In More to Explore the National Geographic magazine team shares some of its best sources and other information. Special thanks to the Research Division.
At Puruchuco-Huaquerones, an Inca cemetery outside Lima, Peru, a mummy excavation is disturbing Inca spirits—at least according to local villagers. Just over 1,200 families dwell in Tupac Amaru, a shantytown alongside the site, and some blame archaeologists for the recent misfortune that has befallen the town, including the death of a young schoolboy. Digging up these spirits of the past will only harm the living, they argue. Though the chief archaeologist at the site, Guillermo "Willy" Cock, discounts these rumors (he thinks the deceased boy died of tuberculosis), some villagers remain unconvinced.
Willy himself had a fierce cough for months after he began handling the mummies. And when National Geographic photographer Ira Block arrived back home in New York City after completing his assignment for the story, he too had a bacterial cough, which he treated with prescribed medication. Can this be a case of the notorious curse of the mummy—or just bad sanitation?
People have been saying for ages that angry spirits arise from such excavations. The most famous example is the official opening of King Tut's tomb in 1923, after which the financier of the project, as well as some others associated with the discovery, died prematurely. But archaeologists excavating the Inca site in Peru believe the amount of water (60,000 gallons/260,000 liters) and waste dumped by villagers each day causes rampant bacteria to fester in the ground.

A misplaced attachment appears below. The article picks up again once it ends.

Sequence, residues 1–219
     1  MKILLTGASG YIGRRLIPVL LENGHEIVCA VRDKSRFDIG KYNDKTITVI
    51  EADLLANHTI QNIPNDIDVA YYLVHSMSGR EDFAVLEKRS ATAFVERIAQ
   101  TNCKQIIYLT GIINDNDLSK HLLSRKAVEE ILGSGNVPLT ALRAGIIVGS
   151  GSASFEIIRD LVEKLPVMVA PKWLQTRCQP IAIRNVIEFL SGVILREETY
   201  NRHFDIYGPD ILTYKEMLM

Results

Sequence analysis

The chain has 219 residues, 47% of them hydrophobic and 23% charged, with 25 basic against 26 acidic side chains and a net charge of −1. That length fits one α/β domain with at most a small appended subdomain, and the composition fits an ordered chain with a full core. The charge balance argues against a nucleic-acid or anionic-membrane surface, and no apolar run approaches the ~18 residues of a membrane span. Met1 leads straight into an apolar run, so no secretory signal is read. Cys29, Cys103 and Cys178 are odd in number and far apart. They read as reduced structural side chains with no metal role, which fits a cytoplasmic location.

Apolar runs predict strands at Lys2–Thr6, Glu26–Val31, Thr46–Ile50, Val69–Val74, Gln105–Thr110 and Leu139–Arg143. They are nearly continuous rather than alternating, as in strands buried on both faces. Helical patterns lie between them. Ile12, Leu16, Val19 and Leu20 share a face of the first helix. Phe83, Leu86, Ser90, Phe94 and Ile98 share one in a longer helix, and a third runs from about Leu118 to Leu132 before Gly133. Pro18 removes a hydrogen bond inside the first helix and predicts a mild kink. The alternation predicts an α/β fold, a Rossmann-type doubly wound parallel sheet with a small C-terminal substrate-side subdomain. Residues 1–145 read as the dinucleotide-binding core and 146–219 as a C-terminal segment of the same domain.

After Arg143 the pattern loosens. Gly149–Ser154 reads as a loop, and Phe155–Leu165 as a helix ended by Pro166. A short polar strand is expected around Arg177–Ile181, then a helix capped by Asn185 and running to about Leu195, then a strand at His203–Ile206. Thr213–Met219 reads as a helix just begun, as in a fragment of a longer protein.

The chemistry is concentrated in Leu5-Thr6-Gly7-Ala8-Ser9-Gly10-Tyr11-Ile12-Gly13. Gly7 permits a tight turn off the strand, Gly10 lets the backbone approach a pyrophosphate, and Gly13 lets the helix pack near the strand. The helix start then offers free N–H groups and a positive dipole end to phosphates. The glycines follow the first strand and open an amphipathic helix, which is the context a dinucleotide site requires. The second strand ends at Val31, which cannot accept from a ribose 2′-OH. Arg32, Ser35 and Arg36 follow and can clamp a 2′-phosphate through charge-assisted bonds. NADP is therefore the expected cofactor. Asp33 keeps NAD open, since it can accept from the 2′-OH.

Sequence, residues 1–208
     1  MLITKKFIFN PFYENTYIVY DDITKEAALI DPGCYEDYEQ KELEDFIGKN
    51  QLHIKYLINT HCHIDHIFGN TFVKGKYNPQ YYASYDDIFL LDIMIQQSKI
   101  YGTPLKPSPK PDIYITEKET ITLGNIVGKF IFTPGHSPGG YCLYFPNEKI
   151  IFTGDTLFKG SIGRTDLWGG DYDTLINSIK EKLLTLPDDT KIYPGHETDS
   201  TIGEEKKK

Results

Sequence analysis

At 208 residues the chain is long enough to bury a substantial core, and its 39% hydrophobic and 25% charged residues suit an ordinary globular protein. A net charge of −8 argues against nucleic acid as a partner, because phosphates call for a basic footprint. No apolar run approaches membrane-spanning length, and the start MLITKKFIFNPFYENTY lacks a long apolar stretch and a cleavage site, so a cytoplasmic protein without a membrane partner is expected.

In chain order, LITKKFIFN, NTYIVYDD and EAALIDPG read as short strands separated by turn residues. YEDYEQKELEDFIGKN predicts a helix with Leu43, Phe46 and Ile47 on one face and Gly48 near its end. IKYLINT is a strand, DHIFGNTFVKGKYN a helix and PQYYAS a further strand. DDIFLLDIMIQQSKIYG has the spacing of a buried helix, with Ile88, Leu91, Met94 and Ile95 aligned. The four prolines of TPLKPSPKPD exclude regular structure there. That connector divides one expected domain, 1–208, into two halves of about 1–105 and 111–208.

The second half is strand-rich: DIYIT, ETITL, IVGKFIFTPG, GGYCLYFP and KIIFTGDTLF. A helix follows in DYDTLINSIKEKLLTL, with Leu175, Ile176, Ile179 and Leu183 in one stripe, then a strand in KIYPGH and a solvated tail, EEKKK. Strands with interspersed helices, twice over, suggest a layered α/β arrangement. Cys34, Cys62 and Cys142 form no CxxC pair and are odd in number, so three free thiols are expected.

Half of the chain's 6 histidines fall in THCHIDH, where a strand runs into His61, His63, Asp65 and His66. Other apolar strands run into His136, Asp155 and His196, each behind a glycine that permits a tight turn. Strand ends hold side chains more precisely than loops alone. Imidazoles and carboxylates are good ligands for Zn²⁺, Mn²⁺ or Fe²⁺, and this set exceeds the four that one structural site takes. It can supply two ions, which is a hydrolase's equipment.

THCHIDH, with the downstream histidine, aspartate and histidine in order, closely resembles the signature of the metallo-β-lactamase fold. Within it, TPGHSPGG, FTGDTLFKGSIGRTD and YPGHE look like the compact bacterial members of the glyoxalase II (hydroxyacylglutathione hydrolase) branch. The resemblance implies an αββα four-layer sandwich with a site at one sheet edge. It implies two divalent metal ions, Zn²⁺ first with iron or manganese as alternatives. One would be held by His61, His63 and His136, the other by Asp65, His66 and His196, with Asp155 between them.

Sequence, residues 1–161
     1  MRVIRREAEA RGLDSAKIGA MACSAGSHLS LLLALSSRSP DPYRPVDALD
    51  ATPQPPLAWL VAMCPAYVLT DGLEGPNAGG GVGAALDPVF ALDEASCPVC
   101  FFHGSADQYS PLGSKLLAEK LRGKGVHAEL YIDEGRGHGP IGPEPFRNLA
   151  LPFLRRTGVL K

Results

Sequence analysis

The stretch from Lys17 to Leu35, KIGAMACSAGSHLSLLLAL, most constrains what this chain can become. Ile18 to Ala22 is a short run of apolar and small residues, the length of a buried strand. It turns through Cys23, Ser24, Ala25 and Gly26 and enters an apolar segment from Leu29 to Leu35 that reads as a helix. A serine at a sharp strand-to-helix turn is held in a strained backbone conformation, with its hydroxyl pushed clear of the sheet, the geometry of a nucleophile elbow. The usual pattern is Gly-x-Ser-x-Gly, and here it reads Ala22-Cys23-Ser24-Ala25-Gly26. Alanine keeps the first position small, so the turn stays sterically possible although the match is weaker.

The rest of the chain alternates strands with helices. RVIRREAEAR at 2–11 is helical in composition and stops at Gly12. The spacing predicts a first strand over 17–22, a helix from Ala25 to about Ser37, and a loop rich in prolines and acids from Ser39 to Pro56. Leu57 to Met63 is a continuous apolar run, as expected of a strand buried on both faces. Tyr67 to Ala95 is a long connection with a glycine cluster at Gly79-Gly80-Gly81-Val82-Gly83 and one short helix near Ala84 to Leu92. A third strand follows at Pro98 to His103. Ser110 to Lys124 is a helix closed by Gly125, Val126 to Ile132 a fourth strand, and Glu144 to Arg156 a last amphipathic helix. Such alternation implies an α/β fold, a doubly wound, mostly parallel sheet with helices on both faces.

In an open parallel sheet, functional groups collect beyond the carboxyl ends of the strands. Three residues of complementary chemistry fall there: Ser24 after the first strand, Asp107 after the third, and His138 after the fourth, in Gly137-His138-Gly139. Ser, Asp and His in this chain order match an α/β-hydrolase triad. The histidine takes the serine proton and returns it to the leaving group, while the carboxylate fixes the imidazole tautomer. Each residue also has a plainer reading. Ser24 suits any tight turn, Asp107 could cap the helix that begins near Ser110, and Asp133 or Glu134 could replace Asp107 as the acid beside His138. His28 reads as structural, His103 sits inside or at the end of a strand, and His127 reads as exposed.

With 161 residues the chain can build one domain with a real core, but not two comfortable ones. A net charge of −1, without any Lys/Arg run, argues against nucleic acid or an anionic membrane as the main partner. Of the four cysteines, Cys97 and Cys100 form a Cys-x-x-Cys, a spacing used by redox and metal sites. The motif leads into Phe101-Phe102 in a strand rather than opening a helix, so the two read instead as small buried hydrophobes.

Willy isn't spooked. "Not one of us is going to die because of these excavations. We may die because we don't use a mask and have contact with contaminated material." (The team members do use masks when they inspect the mummy bundles in the lab.) "My cough was from the bacteria associated with the mummy bundles and the soil at the site, which is highly contaminated. There's no sewage system in the town, so you can imagine what's in the soil."
Whether it's a poor sewage system or angry spirits affecting those in Tupac Amaru, dedicated archaeologists will continue to seek answers to the extraordinary Inca past.
Here's the link, if you care to read.
http://magma.nationalgeographic.com/ngm ... index.html
I personally don't think it's right to desecrete a burial site; but whatever.